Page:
Book of Abstracts: Albany 2007
June 19-23 2007
Fluorescent based approach for monitoring HIV-1 RNA interaction with aminoglycosides
Dimerization of genomic RNAs is an essential process for retrovirus replication. Interaction between dimerization initiation sites (DIS) includes two steps: formation of intermediate kissing loop complex and subsequent maturation of the structure to form more stable linear dimer (1). DIS are conserved within different subtypes of human immunodeficiency virus type-1 (HIV-1) thereby can be considered a new potential target for antiviral drugs. Several aminoglycoside antibiotics were shown to bind specifically kissing dimer of HIV-1 RNA (2). We proposed a fluorescent-based technique to monitor the interaction between RNA DIS and aminoglycoside antibiotics directly in solution. Highly fluorescent probe 2-aminopurine was introduced into RNA chain at the position of unpaired adenine (A272).
The method was tested on several model RNA fragments corresponding to natural and mutated DIS of HIV-1 subtype A and aminoglycoside antibiotic paromomycin. 2-aminopurine responded to the ligand binding by increase in fluorescence, that allowed to determine standard characteristics of the RNA-drug binding. Paromomycin appeared to bind specifically both kissing loop and extended dimers RNA with similar affinities. Spermine and magnesium ions, while stabilizing the kissing loop dimer, competed with paromomycin for binding to RNA. Replacement of paromomycin with magnesium demonstrates reversible bulging out of unpaired adenine A272. Finally, due to different fluorescent intensity of the RNA dimer this technique is applicable for studies of transition kinetics from kissing loop to extended dimer RNA. The results assume further application of this fluorescent-based approach for screening aminoglycosides derivatives and other potential ligands of HIV-1 DIS RNA.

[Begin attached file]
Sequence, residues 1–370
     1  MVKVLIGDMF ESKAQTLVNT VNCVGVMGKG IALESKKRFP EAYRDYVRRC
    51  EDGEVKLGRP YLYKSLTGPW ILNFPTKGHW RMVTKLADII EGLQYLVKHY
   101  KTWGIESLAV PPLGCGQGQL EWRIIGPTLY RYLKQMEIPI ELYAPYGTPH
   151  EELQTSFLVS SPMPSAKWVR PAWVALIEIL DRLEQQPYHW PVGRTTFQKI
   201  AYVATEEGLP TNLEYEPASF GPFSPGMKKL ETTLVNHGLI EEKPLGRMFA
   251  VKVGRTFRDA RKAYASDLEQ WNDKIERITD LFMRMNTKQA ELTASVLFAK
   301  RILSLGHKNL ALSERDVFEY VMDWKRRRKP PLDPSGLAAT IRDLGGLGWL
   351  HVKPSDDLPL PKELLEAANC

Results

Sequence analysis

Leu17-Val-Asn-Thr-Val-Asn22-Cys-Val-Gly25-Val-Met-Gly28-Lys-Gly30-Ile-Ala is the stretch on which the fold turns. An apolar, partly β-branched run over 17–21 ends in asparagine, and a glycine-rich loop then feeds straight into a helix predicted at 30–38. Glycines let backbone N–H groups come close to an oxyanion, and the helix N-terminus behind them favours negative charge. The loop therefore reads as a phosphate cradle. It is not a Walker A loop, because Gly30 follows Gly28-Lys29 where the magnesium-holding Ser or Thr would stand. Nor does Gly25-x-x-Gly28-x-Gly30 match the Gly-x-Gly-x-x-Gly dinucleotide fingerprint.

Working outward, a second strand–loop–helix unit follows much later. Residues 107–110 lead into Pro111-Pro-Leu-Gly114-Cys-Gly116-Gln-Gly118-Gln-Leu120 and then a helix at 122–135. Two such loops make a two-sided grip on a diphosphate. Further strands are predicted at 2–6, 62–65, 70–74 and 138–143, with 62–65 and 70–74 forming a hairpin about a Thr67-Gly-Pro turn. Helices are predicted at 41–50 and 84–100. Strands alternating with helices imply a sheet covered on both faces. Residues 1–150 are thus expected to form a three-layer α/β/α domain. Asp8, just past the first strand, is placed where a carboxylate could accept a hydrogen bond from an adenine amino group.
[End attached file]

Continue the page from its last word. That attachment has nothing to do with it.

This research was supported by the Russian Foundation for Basic Research, project 05-04-49532
References and Footnotes
Elvira E. Minyat*
Engelhardt Institute of Molecular Biology, Russian Academy of Sciences,
Moscow, 199911, Russia